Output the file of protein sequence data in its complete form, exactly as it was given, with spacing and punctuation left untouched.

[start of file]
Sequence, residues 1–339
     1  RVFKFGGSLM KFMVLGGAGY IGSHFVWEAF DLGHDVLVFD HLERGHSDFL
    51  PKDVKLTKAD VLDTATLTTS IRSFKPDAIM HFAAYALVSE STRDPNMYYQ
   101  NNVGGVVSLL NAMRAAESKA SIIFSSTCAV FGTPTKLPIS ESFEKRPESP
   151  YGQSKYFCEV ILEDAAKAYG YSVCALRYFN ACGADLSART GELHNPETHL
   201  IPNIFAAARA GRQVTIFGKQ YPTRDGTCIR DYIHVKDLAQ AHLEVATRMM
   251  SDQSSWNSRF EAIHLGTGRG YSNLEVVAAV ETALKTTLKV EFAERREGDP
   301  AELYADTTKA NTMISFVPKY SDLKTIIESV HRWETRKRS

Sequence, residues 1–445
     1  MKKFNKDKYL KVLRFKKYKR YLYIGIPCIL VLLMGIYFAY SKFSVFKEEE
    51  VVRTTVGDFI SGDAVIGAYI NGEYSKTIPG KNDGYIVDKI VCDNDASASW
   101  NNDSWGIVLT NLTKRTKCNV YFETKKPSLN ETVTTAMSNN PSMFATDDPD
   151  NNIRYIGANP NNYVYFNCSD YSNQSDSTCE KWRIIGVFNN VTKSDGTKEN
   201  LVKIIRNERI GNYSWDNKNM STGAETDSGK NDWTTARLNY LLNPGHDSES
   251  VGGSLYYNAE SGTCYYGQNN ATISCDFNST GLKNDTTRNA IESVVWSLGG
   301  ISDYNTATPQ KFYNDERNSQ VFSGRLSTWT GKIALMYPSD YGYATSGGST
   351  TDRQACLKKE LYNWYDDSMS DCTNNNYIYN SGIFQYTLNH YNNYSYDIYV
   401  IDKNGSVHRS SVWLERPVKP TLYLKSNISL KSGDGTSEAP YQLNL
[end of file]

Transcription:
Sequence, residues 1–339
     1  RVFKFGGSLM KFMVLGGAGY IGSHFVWEAF DLGHDVLVFD HLERGHSDFL
    51  PKDVKLTKAD VLDTATLTTS IRSFKPDAIM HFAAYALVSE STRDPNMYYQ
   101  NNVGGVVSLL NAMRAAESKA SIIFSSTCAV FGTPTKLPIS ESFEKRPESP
   151  YGQSKYFCEV ILEDAAKAYG YSVCALRYFN ACGADLSART GELHNPETHL
   201  IPNIFAAARA GRQVTIFGKQ YPTRDGTCIR DYIHVKDLAQ AHLEVATRMM
   251  SDQSSWNSRF EAIHLGTGRG YSNLEVVAAV ETALKTTLKV EFAERREGDP
   301  AELYADTTKA NTMISFVPKY SDLKTIIESV HRWETRKRS

Sequence, residues 1–445
     1  MKKFNKDKYL KVLRFKKYKR YLYIGIPCIL VLLMGIYFAY SKFSVFKEEE
    51  VVRTTVGDFI SGDAVIGAYI NGEYSKTIPG KNDGYIVDKI VCDNDASASW
   101  NNDSWGIVLT NLTKRTKCNV YFETKKPSLN ETVTTAMSNN PSMFATDDPD
   151  NNIRYIGANP NNYVYFNCSD YSNQSDSTCE KWRIIGVFNN VTKSDGTKEN
   201  LVKIIRNERI GNYSWDNKNM STGAETDSGK NDWTTARLNY LLNPGHDSES
   251  VGGSLYYNAE SGTCYYGQNN ATISCDFNST GLKNDTTRNA IESVVWSLGG
   301  ISDYNTATPQ KFYNDERNSQ VFSGRLSTWT GKIALMYPSD YGYATSGGST
   351  TDRQACLKKE LYNWYDDSMS DCTNNNYIYN SGIFQYTLNH YNNYSYDIYV
   401  IDKNGSVHRS SVWLERPVKP TLYLKSNISL KSGDGTSEAP YQLNL